I would like to posit that the Brand Ambassadors' perceived lack of reliability is not necessarily caused by their mercurial personalities, but by the nature of their business and unavailability of appropriate time management tools. Consider the fact that most Brand Ambassadors are independent contractors who try to earn their living selling their personal skills in small time increments. After all, most in store demos only last 3-4 hours. As such, the Brand Ambassadors need to market their services to Demo Coordinators, Brand Managers, etc. as well as delivering these services in stores and events.
It is impossible to estimate how many hours a Brand Ambassador has to market their services to get a single demo for which she can earn $60-$140. This reality forces them to continuously work with multiple Brands, conflicting times and constantly changing dates.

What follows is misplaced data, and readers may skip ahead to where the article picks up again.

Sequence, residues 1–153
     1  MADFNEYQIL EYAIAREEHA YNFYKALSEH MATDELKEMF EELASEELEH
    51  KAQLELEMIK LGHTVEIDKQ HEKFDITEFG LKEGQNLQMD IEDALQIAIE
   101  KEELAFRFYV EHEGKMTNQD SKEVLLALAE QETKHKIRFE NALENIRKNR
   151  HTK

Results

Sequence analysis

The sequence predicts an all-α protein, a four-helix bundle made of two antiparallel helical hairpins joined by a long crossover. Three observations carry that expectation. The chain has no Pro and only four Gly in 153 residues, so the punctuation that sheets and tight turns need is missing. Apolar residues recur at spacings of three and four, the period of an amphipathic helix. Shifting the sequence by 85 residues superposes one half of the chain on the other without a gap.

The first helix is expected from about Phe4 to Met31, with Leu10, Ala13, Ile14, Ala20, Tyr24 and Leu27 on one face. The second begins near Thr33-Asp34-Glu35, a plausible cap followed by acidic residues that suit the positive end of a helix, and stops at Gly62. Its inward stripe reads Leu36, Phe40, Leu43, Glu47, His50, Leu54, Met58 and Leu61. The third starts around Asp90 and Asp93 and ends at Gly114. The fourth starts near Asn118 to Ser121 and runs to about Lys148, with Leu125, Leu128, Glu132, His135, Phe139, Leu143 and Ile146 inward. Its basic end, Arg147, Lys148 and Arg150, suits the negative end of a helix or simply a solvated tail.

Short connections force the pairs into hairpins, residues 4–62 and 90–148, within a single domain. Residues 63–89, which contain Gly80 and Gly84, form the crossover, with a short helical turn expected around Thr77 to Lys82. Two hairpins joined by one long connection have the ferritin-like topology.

Demo scheduling is a very fluid process that requires a lot of flexibility from all participants, from Brand and Field Marketing Managers to store personnel, product distributor, to Brand Ambassadors. However, the last link of this chain, the Brand Ambassador, is the least equipped to deal with the demands of flexibility. The byproduct of a flexibility is uncertainty. In the case of Brand Ambassadors it is the uncertainty of being paid for their efforts, while everyone else is paid their hourly salaries. If the changes to dates and times create a conflict with their commitment to other brands they work with, they are the only link in the demo chain who is not getting paid.